The 32bit Native Client GDB can be only built on Linux in a NaCl source checkout:
When debugging NaCl programs nacl-gdb works pretty much like you're use to. There are two modes in nacl-gdb. A NaCl program can either be in service runtime (see Glossary) code or in native client code. The prompt shows which mode the program is in, "(sr-gdb)" or "(nc-gdb)".
Remember, apropos is your friend. If you can't remember the name of a command, type apropos <word> and hopefully you'll see the command you are looking for in the output. For nacl commands, try apropos nacl.
Assuming you have downloaded the SDK. Though downloading or building the modified GNU toolchain should be enough. You will also need to fetch and build Native Client Sources to run this example. Note: the hello_world example from the SDK examples is not suitable for command-line debugging. Although you can attach to the browser process to debug it, for this simple demonstration we take a more trivial hello_world module that only outputs data to stdout.
Examining core files of Native Client programs has not been well tested yet.
Hardware watchpoints in native-client mode currently do not work. They should work in service-runtime mode.
Access to thread local variables in native-client mode does not currently work.
They should work in service-runtime mode.
During the transition between service-runtime and native-client modes GDB can get confused about what the current mode is. The symptom is memory accesses give errors. If one is stepi-ing, just continue to stepi a few more instructions until the transition is complete.
When stopped in one mode, "info breakpoints" won't print symbolic addresses of breakpoints in the other mode.
There's a FIXME in the code regarding restoring longjmp breakpoints. So assume stepping over a longjmp may not work.
From GDB's point of view, when running a Native Client program there are actually two programs: sel_ldr and the Native Client program itself. The Native Client program runs in its own protected space, and assumes that all of its symbols won't collide with sel_ldr (the Service Runtime). Therefore GDB needs to keep the symbols of each separate. It does this by becoming modal. At any particular point in a thread's execution, it is either in the Service Runtime side of things or it is in the Native Client side of things. GDB tracks this state (lazily to not affect performance).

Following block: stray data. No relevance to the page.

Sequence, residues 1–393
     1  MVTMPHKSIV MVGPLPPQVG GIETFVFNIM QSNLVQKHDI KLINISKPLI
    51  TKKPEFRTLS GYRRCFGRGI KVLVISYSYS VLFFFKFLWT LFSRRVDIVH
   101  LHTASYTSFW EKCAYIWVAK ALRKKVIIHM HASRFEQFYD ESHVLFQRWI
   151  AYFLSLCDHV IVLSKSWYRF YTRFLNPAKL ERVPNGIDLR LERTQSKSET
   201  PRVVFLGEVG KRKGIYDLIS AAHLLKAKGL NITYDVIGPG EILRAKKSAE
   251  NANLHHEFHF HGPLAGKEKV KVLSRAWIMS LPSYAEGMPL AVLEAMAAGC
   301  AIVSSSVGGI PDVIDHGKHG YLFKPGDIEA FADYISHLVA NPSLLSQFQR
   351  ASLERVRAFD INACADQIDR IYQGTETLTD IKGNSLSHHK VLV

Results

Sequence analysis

To assist the user in knowing what state the program is currently in, and thus for example what set of symbols are accessible, nacl-gdb includes the current state in the prompt. When a thread is stopped in Native Client mode the prompt is (nc-gdb). When a thread is stopped in Service Runtime mdoe the prompt is (sr-gdb). As one switches among threads GDB updates its record of what state the thread is in, and updates the prompt accordingly.
Use the --loader option to specify a different path for sel_ldr. Example:
nacl apply-runtime command [args ...]
Temporarily switch to service-runtime mode and then run command there.
This is useful if you are sitting at a (nc-gdb) prompt and want to run a command "as if" you are sitting at a (sr-gdb) prompt. Examples are examining service-runtime state or setting a breakpoint in sel_ldr.
nacl apply command [args ...]
Temporarily switch to native-client mode and then run command there.
This is useful if you are sitting at a (sr-gdb) prompt and want to run a command "as if" you are sitting at a (nc-gdb) prompt. Examples are examining the state of the native-client program or setting a breakpoint there.
set nacl service-runtime-args [args ...]
Set the arguments to sel_ldr, NOT including the NaCl program or its arguments. Use this to specify arguments for sel_ldr itself, e.g., -h d:D. Do not specify the -f argument, gdb supplies that itself.
NOTE: This option is only useful when debugging NaCl programs, i.e., when the "main" executable is a .nexe program. In other words, you started your debugging session with something like: